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Lake Cumberland District Health Department

A healthy today for a brighter tomorrow.

Animal Bites and Rabies

Dog, Cat, and Ferret Rabies Vaccinations

According to Kentucky Law KRS 258:015 and 902 KAR 2:070, every owner is required to vaccinate against rabies their dog, cat or ferret at age 4 months and revaccinated 1 year after initial vaccination regardless of type of vaccine or age of animal. After the initial vaccination and 1 year revaccination, the time period required for revaccination shall be dependent upon the type of vaccine used and the next vaccination due by date as documented on the vaccination certificate. Vaccines must be administered by a veterinarian holding a valid Kentucky license.

Rabies is a serious disease that is caused by a virus. Each year, it kills more than 50,000 people and millions of animals around the world. Any mammal can get rabies. Raccoons, skunks, foxes, bats, dogs, and cats can get rabies. Cattle, horses and humans can also get rabies. Animals that are not mammals such as birds, snakes, and fish do not get rabies.

Program Standards

All dogs, cats, and ferrets reported to have bitten any person are quarantined by the Local Health Department for ten (10) days for observation. This is done at either the animal owner’s home or a local animal clinic. Some general signs of rabies in animals are as follows:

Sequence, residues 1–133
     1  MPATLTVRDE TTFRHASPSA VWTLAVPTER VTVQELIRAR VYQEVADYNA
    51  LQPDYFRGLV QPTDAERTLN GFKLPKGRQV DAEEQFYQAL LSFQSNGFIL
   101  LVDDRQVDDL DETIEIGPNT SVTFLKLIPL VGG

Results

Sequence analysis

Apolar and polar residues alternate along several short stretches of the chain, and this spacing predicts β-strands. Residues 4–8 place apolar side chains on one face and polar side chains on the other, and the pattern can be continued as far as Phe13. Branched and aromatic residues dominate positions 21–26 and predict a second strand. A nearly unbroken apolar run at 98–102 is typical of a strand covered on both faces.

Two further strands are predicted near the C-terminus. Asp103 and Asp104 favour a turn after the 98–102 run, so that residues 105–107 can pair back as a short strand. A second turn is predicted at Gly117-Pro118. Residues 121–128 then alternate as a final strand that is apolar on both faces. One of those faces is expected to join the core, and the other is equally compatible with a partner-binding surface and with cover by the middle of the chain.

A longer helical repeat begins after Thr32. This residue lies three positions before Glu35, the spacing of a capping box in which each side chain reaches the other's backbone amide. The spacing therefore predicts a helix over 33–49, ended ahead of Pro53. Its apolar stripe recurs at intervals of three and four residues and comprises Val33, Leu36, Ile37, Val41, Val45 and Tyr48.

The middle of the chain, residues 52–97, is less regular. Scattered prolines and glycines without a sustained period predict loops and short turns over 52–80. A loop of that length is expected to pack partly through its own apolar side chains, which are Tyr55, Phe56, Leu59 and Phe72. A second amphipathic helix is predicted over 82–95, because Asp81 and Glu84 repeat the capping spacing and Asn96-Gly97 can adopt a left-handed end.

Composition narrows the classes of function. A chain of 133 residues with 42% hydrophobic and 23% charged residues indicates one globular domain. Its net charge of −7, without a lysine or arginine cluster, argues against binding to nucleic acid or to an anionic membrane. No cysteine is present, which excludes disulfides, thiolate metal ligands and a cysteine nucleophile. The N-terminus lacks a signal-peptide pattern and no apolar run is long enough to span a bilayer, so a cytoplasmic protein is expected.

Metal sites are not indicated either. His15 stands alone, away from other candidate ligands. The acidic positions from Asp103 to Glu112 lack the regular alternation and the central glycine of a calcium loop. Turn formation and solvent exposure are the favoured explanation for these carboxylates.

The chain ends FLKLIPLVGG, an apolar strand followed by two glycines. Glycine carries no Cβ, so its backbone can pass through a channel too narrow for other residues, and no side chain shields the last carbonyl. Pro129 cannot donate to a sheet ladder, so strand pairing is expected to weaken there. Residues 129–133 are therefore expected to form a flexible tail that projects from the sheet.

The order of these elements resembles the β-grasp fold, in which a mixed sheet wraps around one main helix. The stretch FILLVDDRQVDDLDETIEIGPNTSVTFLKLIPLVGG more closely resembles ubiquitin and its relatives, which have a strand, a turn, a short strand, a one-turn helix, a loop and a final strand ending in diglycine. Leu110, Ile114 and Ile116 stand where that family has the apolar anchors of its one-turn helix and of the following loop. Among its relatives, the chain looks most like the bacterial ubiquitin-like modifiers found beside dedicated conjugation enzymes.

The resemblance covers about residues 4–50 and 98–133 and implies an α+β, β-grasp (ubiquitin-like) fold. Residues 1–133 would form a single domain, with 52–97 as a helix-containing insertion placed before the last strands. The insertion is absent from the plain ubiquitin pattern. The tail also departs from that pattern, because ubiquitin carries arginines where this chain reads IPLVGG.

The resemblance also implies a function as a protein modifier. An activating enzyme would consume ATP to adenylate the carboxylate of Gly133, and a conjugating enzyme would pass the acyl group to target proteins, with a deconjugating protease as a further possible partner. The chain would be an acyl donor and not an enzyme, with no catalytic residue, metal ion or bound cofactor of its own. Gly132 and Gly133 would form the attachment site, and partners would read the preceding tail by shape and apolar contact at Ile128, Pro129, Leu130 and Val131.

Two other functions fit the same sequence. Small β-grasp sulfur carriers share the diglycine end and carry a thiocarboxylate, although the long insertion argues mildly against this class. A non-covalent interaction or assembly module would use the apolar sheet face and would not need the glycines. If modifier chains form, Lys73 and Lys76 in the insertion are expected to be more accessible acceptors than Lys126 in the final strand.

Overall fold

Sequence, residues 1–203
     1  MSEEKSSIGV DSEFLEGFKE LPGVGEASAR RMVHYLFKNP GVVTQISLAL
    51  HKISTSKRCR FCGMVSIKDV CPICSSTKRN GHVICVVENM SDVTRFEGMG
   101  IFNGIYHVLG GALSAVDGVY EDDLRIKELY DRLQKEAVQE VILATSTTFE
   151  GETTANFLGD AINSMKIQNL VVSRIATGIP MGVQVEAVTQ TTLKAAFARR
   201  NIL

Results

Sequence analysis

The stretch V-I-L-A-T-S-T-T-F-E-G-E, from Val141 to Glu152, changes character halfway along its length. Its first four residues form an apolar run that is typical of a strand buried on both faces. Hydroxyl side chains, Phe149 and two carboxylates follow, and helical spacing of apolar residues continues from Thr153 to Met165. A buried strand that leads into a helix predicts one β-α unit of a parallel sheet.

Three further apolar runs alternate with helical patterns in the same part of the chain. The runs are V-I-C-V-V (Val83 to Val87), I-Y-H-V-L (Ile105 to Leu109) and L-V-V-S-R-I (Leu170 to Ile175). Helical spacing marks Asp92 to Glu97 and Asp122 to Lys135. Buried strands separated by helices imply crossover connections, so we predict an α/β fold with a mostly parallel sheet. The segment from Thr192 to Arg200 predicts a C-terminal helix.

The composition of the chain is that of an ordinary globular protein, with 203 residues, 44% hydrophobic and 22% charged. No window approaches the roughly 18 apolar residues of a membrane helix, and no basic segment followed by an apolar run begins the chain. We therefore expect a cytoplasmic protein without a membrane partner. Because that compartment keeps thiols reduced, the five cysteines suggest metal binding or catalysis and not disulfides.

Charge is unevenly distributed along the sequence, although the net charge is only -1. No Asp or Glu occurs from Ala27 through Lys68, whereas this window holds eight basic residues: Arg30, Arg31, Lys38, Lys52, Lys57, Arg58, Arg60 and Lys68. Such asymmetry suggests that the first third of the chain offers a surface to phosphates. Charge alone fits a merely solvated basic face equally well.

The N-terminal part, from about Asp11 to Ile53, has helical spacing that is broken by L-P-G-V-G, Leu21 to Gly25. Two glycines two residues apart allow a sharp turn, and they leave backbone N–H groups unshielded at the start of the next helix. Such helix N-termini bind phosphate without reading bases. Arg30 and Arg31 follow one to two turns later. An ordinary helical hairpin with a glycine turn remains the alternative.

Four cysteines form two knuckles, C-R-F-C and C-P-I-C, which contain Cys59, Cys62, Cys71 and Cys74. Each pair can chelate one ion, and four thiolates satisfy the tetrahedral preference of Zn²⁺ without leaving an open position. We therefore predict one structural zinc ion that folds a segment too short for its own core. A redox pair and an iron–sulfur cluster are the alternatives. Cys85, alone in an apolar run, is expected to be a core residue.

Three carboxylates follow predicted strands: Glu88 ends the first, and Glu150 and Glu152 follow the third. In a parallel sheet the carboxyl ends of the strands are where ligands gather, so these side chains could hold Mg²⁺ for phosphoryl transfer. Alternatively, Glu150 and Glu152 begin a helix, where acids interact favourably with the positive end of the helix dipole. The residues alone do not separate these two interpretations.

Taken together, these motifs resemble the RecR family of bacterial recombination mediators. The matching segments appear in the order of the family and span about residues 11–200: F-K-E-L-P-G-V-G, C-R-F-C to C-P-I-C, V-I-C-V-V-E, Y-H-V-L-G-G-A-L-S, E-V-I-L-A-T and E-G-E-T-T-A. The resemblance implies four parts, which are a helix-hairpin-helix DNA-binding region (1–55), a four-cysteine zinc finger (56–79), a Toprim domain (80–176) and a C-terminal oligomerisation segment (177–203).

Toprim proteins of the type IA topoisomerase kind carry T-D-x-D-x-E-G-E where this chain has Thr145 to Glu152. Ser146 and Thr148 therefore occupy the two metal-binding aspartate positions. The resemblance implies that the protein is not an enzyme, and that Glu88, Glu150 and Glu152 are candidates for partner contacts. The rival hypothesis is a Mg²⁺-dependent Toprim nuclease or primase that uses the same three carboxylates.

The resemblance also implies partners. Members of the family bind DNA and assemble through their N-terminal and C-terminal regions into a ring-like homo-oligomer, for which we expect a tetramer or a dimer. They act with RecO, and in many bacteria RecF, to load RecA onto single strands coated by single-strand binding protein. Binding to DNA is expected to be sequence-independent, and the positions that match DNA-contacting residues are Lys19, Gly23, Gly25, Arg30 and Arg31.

• Changes in an animal’s behavior
  • General sickness
  • Problems swallowing
  • Increased drooling
  • Aggression

Dogs, cats, and ferrets, which stay well during the ten-day period, are released. Those animals, which become sick are sacrificed and tested in the State Rabies Laboratory.

All non-domesticated or “wild animals” must immediately be sacrificed and tested in the State Rabies Laboratory. Domesticated farm animals are evaluated on a case by case basis.

*Note: Head of animal must be unaltered in order for laboratory to test. 

For more updated information, you can click on this link for the Center for Disease Control.

What to Do in Case of an Animal Bite

  1. Depending on the severity of the bite, call your doctor or go to a hospital emergency room.
  2. Take a description of the animal
  3. If possible, without endangering yourself, confine the animal so it can be quarantined.
  5. Call the Local Health Department to begin investigation of the incident.

Rabies Prevention

Rabies vaccines are approved for dogs, cats, horses, cattle, sheep and ferrets. Proper and up to date vaccination of your pets is the first line of defense against rabies. Animal rabies vaccines should be administered only by, or under the direct supervision of, a veterinarian.

The LCDHD works with local veterinarians and the State Rabies Laboratory in efforts to control rabies. The Local Health Department sponsors a rabies vaccination clinic, which is offered at a low price every year. (Usually in the summer months, call for more details.)